Both of Warren Buffett's sons now make their homes in the country.
Howard, the elder, has owned and worked on a farm near Decatur, Ill., for nearly 20 years. Now younger son Peter and his family make their home in Ulster County, N.Y., near Kingston in the Hudson River Valley. Their condo at One Madison Park in Manhattan's financial district is up for sale, priced at $4.1 million.
"We love it, but it was a lot of money to tie up in something that, increasingly, we weren't using as a home base," Peter Buffett said. "Yes, even some Buffetts have mortgages."
He and wife Jennifer commute to the city weekly for their work with the Novo Foundation, funded with Berkshire Hathaway Inc. stock donated by his father and late mother, Susan Thompson Buffett. The foundation aims to bring women out of poverty, promote healthy child development and stop "gender-based violence" in the United States and abroad. Peter Buffett also is a working musician.
"We enjoy living in the country a lot more," he said. "Jennifer and I realized that we're both the Eddie Albert character in Green Acres," a 1965-71 TV show that featured a New York couple transplanted to a country farm.
In case you're interested, agent Douglas Elliman and Prudential real estate say the 2,000-square-foot, three-bedroom condominium has floor-to-ceiling glass curtain walls and a living-dining room that faces Madison Square Park and the Empire State Building.
In a sign of tough times in the city's condo market, the 57-story building is "waiting for the reorganization plan" to finish its common space and amenity areas, the sales blurb says. But there's a concierge on duty.
Millions come and go
Wondering how stock market swings affect the average billionaire?
Now there's the daily Bloomberg Billionaires Index, which calculates the 20 largest personal fortunes by totaling up stock holdings and daily price fluctuations.
No. 1 Carlos Slim of Mexico lost $478.4 million one day recently, but still had $68.5 billlion left. Buffett's $43.8 billion is up 2.4 percent this year, by Bloomberg's calculations. Close behind Buffett is Ingvar Kamprad, owner of household goods retailer IKEA, with a 14.3 percent gain this year to $42.5 billion.
Now, are there futures options on billionaires we can trade?
Dispute over mold
Shayla Menville reported in the Olive Hill (Ky.) Times that local residents Ray and Mary Crank received an arbitration award of $52,343.66 in a dispute over a moldy mobile home they bought from Clayton Homes, a subsidiary of Berkshire.
In a state court complaint in 2005 against Clayton's LUV Homes dealership in Ashland, Ky., the Cranks alleged that Ray Crank had become ill from a toxic mold had been concealed by paint.
They moved out of the house, which has since been destroyed under court order, and lived in a pickup truck, in tents or with relatives, the Times said.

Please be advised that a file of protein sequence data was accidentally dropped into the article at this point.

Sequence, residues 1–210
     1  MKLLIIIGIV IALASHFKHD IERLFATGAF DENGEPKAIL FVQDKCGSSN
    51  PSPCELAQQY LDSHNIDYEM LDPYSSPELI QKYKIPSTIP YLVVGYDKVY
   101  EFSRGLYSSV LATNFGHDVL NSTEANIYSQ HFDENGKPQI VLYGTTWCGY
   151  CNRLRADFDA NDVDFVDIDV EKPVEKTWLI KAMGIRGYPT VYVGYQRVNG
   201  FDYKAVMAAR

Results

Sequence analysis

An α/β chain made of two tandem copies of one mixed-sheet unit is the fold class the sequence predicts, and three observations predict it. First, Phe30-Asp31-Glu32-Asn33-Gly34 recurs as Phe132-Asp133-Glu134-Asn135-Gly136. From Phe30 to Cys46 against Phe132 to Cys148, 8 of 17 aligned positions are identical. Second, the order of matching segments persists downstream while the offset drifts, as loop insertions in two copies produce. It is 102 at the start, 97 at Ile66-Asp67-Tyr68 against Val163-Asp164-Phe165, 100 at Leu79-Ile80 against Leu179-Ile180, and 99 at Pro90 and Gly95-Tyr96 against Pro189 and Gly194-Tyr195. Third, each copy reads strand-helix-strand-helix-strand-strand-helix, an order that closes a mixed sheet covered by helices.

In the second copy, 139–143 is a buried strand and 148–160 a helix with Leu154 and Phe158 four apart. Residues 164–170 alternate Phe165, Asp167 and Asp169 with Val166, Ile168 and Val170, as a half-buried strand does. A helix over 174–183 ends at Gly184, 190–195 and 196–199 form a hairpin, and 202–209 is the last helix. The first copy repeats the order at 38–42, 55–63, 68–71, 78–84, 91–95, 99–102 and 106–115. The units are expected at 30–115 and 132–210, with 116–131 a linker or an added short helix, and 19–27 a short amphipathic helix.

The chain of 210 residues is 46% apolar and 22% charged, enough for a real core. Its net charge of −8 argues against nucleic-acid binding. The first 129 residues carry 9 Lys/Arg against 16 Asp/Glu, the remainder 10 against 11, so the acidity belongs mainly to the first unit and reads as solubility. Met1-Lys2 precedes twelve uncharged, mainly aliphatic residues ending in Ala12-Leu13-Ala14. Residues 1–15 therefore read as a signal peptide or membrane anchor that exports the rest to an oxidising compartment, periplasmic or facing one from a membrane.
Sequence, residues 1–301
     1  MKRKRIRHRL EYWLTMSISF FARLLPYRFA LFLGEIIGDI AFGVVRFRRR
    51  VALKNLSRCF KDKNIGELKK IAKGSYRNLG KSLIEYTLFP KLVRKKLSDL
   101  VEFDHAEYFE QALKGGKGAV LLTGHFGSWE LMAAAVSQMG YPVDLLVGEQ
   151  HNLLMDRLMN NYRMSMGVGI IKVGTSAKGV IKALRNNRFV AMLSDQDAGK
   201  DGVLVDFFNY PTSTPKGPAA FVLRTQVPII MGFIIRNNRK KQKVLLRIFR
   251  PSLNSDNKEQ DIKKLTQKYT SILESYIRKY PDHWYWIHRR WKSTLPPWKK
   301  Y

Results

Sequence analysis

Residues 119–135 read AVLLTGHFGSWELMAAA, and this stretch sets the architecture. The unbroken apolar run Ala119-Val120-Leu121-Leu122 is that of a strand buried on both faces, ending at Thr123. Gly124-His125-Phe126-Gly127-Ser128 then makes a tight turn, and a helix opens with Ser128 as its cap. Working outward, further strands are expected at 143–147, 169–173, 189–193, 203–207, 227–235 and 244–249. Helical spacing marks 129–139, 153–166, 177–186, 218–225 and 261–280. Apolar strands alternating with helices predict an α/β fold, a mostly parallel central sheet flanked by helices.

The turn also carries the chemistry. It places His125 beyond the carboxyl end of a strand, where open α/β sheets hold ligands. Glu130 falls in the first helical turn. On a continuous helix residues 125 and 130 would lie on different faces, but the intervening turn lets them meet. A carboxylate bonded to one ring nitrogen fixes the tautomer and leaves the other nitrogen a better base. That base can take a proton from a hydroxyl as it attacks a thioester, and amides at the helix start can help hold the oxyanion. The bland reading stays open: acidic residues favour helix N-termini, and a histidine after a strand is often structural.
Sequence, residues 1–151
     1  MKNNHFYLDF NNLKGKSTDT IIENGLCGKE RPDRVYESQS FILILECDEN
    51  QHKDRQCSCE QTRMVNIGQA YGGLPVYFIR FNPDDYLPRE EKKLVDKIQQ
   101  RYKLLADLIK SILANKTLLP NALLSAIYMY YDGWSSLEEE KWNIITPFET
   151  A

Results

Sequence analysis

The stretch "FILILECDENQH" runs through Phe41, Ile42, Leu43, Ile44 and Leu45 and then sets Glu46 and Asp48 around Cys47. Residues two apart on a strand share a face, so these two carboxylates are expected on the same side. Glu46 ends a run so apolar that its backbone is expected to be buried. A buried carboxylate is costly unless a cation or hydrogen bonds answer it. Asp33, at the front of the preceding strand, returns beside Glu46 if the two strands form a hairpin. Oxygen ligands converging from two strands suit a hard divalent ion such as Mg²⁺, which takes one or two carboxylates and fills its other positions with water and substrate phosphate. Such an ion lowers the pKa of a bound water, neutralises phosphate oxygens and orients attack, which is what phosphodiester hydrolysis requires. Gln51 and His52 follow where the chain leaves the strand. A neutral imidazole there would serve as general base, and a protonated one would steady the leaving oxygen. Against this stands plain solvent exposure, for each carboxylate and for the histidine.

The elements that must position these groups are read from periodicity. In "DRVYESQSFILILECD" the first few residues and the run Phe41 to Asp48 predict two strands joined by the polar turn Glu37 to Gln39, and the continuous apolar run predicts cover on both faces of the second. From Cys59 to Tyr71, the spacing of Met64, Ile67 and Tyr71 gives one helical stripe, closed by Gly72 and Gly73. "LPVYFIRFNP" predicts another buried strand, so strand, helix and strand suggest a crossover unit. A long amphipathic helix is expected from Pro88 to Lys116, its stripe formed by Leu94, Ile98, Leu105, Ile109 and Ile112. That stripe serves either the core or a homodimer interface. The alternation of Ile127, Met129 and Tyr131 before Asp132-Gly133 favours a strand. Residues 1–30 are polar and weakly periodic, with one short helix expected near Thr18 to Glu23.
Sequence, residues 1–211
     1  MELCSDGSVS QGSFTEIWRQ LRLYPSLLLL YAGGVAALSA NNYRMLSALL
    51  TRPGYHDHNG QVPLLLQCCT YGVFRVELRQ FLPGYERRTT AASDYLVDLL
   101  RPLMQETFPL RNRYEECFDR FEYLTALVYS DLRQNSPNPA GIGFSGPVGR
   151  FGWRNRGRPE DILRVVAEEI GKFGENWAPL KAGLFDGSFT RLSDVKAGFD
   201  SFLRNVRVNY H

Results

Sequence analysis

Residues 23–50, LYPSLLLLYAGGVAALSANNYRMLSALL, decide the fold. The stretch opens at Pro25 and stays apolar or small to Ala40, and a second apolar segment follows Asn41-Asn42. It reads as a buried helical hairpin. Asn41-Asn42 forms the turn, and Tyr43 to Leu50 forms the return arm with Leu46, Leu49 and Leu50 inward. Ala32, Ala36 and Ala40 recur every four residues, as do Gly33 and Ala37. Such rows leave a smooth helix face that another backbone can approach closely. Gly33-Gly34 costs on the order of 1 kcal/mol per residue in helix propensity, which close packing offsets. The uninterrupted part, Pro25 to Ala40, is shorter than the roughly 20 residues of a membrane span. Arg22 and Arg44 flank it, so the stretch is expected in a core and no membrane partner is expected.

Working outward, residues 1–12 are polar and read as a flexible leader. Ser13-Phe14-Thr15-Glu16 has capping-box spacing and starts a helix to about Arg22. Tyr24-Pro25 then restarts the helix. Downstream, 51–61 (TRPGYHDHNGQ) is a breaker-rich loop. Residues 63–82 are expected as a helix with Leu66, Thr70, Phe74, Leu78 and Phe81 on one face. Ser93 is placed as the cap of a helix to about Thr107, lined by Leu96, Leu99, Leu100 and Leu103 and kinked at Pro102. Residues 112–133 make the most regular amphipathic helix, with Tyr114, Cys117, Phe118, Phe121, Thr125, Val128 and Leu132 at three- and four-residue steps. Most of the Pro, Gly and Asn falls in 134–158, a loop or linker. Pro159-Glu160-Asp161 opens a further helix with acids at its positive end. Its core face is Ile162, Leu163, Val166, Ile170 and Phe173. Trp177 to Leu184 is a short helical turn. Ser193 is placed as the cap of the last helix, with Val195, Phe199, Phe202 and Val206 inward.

Arbitrator Lloyd Spear found recently that there was "clear and convincing evidence of fraud in that LUV Homes intentionally concealed the presence of mold, mold damage and water damage in the mobile home unit sold to the Cranks." He said the damage was painted over in order "to induce the Cranks to purchase the unit."
The award did not include compensation for medical treatments or the loss of personal items, which the Cranks had sought. "I just don't feel justice was served at all," Mary Crank told the Times. "This is very wrong."
Todd Fulks, associate general counsel at Clayton, told The World-Herald that Clayton "respectfully disagrees with the arbitrator's award in this case. They offered their version to the story, and we offered our version, and the arbitrator obviously disagreed with us in a lot of respects. They bought a home. They were unhappy. We're disappointed that they were unhappy."
Despite the arbitrator's viewpoint, he said, "There was never any intention in our view of the facts to defraud the homeowners in this case. ... The dealership sold this home as is, where is. There was not an intent to hide any problems with this house. We do respect the arbitrator's award and will abide by it unless there is some opportunity to appeal it."
Utility seeks rate hike
Berkshire subsidiary PacifiCorp of Portland, Ore., is asking state regulators for a 4.3 percent increase in electricity rates to pay for power costs, upgrading coal plants, a solar energy project and expansion of transmission lines, the Portland Oregonian said.
That's on top of a 4.4 percent increase in January and 15 percent during 2011. Rates are up about 50 percent since 2006, when PacifiCorp was acquired by Berkshire's MidAmerican Energy Holdings of Des Moines.
PacifiCorp defended the increases as necessary for pollution control and growth to meet demand.
Bob Jenks, executive director of the Citizens' Utility Board of Oregon, said he questions whether PacifiCorp "can defend pancaking all these things on top of each other as reasonable. They're not managing it well."
The Omaha World-Herald Co. is owned by Berkshire Hathaway Inc.
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